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Coinbase and the cryptoeconomy
Coinbase is a leading cryptocurrency exchange and will be going public via a direct listing on April 14th. Its shares last traded hands at a ~$100B valuation in private markets.
With most startups going public these days the key question is “can the economics improve long-term?”. What I find most interesting with Coinbase is that the key question is “can the economics stay this good long-term?”
In this piece I’ll cover:
Coinbase business and financials
The bull and bear case for Coinbase
Coinbase began in 2012 with the mission to “create an open financial system for the world”.
What began as a way for retail investors to buy, send and receive bitcoin via a simple and intuitive interface has over time expanded to a broader portfolio of products and services for retail and institutional investors, as illustrated below.
Coinbase serves three main sets of customers:
Retail users: Coinbase offers its 56M retail users a safe, trusted, and easy-to-use platform to invest, store, spend, earn, and use crypto assets.
Institutions: Coinbase provides 7000 institutions such as hedge funds, money managers, and corporations a one-stop-shop for accessing crypto markets.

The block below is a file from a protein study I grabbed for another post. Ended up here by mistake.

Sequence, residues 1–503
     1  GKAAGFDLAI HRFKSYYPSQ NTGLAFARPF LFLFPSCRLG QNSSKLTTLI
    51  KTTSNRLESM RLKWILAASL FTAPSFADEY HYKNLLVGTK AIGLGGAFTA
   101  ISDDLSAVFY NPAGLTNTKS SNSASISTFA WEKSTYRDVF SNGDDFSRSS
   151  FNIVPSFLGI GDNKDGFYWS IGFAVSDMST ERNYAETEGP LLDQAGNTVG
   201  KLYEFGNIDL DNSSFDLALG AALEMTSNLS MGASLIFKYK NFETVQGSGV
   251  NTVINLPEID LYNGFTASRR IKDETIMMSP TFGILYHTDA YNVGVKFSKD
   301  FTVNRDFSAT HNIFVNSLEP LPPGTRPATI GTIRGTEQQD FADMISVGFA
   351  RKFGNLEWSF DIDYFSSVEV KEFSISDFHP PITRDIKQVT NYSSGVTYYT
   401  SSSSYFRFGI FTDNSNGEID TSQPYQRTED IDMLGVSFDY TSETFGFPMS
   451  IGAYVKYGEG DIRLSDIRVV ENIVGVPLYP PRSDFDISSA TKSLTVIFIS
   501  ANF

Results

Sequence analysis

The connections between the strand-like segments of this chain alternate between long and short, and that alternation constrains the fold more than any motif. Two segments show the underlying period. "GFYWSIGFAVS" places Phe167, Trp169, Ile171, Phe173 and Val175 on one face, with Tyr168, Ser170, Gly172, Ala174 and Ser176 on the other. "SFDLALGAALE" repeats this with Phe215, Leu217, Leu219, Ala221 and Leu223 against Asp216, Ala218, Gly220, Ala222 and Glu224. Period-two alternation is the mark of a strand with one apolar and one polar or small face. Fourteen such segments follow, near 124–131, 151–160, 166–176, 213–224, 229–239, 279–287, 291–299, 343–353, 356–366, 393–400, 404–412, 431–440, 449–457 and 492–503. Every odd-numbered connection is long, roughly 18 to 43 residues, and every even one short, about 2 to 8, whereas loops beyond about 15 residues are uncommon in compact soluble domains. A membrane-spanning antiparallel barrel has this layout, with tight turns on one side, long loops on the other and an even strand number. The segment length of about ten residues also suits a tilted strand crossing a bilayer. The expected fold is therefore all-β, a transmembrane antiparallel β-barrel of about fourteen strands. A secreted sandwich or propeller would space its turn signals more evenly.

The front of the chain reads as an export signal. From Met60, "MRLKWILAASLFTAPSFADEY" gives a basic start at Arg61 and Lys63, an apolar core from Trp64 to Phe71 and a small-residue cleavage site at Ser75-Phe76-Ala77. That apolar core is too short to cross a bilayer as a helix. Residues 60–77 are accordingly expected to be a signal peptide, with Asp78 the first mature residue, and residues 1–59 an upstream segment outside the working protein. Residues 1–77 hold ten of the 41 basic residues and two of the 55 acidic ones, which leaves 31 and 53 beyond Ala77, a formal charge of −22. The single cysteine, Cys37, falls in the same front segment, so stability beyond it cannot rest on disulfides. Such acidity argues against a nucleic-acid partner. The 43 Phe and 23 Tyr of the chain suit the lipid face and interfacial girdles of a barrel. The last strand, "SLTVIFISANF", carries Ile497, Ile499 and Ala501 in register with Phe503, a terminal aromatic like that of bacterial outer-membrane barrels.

Ecosystem partners: Coinbase provides over 115,000 ecosystem partners such as developers and asset issuers a platform with technology and services that enables them to build applications that leverage crypto.
Coinbase business and financials
Coinbase’s financials and metrics are truly mind-boggling.
In Q1 2021, they made ~$1.8 billion in revenue, more than all of 2020 and 2019 combined. And they had ~40% net income margins and over 60% Adjusted EBITDA margins.
They essentially grew ~850% y/y while generating 50%+ EBITDA margins.
The Rule of 40 is a rough rule of thumb that captures the growth and profitability trade-off which says that for a good (typically SaaS) company, their growth rate and profit margin should add up to 40% or more. Coinbase is over 900%.
So how exactly is Coinbase making so much highly profitable revenue? The reason is two-fold:
High take rates on retail transactions